7 Essays Philos (2013) 14:1 derosset 12 {ϕ ψ} ψ ϕ is clear, since ϕ might weakly ground ψ by virtue of strictly grounding it, and (it is provable that) no fact ψ weakly grounds any of its strict grounds. But this case is not relevant to the issue at hand. Call something a merely weak ground of a fact if it is a weak ground and not a strict ground. The key question is whether ϕ might merely weakly ground ψ and not vice versa. Since PLG contains no way to negate strict grounding claims, this question can t be posed as the question, as it were, of whether {ϕ ψ, ϕ ψ } ψ ϕ But the semantics Fine offers gives us a clear specification of when a strict grounding claim is not true in a model, so we can use Fine s semantics to address our question. It turns out that there is a model in Fine s system in which a fact ϕ merely weakly grounds a fact ψ, but in which ψ does not weakly ground ϕ. 5 In this sense, there is a mismatch between Fine s semantics and the disjunctive characterization of weak ground. So, at the very least, if this disjunctive characterization of weak ground is correct, then Fine s formalization does not capture the idea. Perhaps one of the alternatives explanations of the idea will do better. Strict Ground and Identity A simpler disjunctive characterization is suggested by Fine s choice of to represent weak ground. Perhaps a weak ground for ϕ is anything which is either a strict ground for ϕ or is identical to ϕ. This obviously satisfies both of the claims that Fine takes to be axiomatic: on this characterization, everything weakly grounds itself, and every strict 5 Here s a description of the model, using notions defined in [Fine, 2012]. Let the universe of facts be {n, a, b, a.b}, and the fusion operation Π be such that Π( ) = n, Π({a, b}) = a.b, Π({x}) = x, Π({n} Γ) = Π(Γ), and Π({a.b} Γ) = a.b. (Fine s semantics requires the existence of a null fact, and the element n is playing that role here.) Let ϕ and ψ be sentences. Then a model M is given by letting the interpretation [ϕ] of ϕ be {a.b} and the interpretation [ψ] of ψ be {a, a.b}. In this model M, [ϕ] M [ψ] and M, [ϕ] M [ψ], but also [ψ] M [ϕ]. The key fact is that there is a fact, namely b, whose fusion with any element of the interpretation of ψ is a member of the interpretation of ϕ. Thus, the model verifies that ψ is a partial weak ground of ϕ; for this reason, ϕ is not a strict ground of ψ.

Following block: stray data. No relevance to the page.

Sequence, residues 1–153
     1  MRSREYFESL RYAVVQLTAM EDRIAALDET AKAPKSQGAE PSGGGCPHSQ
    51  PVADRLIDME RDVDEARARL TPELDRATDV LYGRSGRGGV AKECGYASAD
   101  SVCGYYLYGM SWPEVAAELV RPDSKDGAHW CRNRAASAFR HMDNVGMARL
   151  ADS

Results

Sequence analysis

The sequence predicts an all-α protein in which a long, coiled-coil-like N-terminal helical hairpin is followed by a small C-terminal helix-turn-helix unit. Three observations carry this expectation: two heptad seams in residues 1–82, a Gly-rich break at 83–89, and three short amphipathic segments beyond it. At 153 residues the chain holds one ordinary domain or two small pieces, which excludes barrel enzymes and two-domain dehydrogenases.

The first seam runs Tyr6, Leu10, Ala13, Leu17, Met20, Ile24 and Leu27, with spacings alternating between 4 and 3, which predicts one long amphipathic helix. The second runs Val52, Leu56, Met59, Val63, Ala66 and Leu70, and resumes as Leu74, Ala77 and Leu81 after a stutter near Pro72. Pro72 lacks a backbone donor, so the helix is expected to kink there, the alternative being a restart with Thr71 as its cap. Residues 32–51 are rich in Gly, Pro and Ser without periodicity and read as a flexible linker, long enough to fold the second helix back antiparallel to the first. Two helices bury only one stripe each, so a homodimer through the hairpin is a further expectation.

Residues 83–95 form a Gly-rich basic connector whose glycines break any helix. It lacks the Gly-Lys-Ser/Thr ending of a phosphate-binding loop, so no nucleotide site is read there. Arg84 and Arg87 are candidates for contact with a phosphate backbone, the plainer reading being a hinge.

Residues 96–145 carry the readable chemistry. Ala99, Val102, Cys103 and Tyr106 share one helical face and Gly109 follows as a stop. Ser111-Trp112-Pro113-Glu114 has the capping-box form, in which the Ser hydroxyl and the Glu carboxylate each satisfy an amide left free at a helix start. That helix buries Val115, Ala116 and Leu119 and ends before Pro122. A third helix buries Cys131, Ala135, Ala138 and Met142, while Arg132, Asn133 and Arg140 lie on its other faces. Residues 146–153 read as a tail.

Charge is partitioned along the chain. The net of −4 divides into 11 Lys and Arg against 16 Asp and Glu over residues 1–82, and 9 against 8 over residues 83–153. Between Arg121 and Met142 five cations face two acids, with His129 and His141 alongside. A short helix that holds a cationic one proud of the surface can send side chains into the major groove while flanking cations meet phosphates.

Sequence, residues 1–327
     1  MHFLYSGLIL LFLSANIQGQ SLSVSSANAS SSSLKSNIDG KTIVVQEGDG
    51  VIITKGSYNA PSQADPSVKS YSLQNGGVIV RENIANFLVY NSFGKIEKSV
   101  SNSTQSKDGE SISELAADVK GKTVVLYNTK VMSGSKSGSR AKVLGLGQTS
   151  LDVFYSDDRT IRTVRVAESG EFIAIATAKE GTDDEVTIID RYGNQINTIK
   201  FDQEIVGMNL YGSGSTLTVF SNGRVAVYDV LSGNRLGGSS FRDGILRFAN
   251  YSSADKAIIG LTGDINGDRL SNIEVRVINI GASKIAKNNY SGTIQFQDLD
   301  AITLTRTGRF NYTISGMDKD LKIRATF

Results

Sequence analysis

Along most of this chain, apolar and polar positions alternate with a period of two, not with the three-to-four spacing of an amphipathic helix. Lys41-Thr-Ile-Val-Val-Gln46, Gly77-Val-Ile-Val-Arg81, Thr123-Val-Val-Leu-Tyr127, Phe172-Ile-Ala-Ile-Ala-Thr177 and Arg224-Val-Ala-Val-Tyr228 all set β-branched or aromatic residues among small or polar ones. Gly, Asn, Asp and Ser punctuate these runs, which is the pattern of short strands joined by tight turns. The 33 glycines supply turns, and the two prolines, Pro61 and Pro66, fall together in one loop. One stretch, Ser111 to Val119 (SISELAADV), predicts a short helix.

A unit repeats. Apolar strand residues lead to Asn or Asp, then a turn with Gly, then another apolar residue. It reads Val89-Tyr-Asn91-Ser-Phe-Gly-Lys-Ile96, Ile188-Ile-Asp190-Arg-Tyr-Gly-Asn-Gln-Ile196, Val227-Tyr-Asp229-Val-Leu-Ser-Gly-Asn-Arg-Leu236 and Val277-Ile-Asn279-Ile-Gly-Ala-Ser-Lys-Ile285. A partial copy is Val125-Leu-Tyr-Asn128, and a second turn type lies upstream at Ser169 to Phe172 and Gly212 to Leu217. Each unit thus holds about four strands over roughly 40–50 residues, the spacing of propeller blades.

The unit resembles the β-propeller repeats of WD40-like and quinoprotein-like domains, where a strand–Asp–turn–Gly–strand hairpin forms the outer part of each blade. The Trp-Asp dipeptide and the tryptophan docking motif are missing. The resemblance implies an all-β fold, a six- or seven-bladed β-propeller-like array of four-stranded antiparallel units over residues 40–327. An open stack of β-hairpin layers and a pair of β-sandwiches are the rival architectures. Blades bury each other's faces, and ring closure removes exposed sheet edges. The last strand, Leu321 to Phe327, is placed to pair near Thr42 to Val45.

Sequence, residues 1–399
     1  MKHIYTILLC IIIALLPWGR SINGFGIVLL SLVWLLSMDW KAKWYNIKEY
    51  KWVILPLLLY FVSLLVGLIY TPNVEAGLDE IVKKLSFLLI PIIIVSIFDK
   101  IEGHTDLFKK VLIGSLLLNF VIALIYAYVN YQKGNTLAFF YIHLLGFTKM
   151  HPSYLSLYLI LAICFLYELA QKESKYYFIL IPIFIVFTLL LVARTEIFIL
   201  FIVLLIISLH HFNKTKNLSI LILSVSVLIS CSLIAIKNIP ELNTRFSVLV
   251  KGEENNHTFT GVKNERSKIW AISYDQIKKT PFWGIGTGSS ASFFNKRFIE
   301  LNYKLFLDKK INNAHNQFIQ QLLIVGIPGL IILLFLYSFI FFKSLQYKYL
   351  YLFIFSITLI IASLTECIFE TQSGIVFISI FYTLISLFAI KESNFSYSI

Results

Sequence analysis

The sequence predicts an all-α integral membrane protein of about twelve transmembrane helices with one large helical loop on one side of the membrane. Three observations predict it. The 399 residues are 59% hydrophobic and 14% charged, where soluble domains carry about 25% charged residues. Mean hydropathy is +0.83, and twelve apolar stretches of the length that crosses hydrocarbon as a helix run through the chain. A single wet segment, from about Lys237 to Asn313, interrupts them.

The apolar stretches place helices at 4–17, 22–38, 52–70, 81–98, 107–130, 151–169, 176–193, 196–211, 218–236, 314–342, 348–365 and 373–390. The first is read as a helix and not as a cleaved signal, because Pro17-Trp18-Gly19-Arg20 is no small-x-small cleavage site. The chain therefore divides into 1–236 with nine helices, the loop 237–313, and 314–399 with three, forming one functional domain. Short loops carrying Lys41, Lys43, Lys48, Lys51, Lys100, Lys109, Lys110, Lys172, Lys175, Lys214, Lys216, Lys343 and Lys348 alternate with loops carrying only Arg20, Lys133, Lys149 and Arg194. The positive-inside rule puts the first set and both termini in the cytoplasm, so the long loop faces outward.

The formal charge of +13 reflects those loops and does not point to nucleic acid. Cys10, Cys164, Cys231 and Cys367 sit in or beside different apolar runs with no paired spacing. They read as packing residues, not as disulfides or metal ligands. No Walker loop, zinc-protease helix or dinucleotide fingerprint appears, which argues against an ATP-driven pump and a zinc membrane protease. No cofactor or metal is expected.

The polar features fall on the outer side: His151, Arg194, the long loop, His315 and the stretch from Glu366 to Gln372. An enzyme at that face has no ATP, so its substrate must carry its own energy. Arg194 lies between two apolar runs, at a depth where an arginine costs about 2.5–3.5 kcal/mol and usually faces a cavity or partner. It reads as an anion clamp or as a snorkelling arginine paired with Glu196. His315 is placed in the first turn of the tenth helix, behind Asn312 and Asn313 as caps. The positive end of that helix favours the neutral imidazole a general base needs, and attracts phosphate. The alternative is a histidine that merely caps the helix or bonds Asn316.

8 Essays Philos (2013) 14:1 derosset 13 ground of ϕ is also a weak ground of ϕ. But this characterization clearly isn t what Fine has in mind. First of all, it has the same problem as the more complicated disjunctive characterization involving the idiom For... is for.... If this simpler disjunctive characterization were correct, then merely weak ground would be symmetric. Since, on Fine s view, it isn t, this obviously isn t the characterization Fine has in mind. A similar problem emerges when we consider the question of how to extend this characterization from cases in which the weak ground of ϕ is a single fact to cases in which two or more facts weakly ground ϕ. There are two salient ways of extending the characterization. On the collective extension of the characterization, a plurality of facts weakly ground ϕ iff those facts either strictly ground ϕ or are, collectively, identical to ϕ. 6 On the distributive extension, a plurality of facts weakly ground ϕ iff all of those facts distinct from ϕ together strictly ground ϕ. The collective extension is clearly wrong. In PLG, if ϕ strictly grounds ψ, then the pair of facts ϕ, ψ together weakly ground ψ. For instance, since the disjunctive fact that it s either sunny or chilly is strictly grounded in its being sunny, that fact is weakly grounded in the pair of facts: it s sunny, it s either sunny or chilly. But the pair of facts do not, on Fine s view, strictly ground the second member of that pair; nor are they, collectively, identical to the second member, since the second member can obtain without the pair, collectively, obtaining. The distributive extension of the characterization does better in this case. Even so, the distributive extension of the identity-based characterization is clearly wrong. Suppose that it is chilly, windy, and sunny, and consider the claim that its being chilly, windy, and sunny is weakly grounded in the triple of facts: it is chilly; it is windy; it is chilly, windy, and sunny. 7 It is clear that we should not interpret this claim as the claim that its being chilly, windy, and sunny is strictly and fully grounded in the pair of facts: it s chilly, it s windy. The problem isn t the implausibility of the translation, for we ve got no reason as yet to think that the original weak grounding claim is plausible. The problem, rather, is that this translation does not adequately capture the logic (in PLG) of the original weak grounding claim. On the distributive extension, ϕ, χ, ψ ψ and ϕ, χ ψ would get the same interpretation; thus, according to this interpretation, the latter should be trivially derivable from the former. 6 In the degenerate case in which the claim is that ϕ weakly grounds itself, this characterization is vacuously satisfied. 7 Is this claim true? Because I don t know exactly which notion of weak ground Fine has in mind, I am unsure.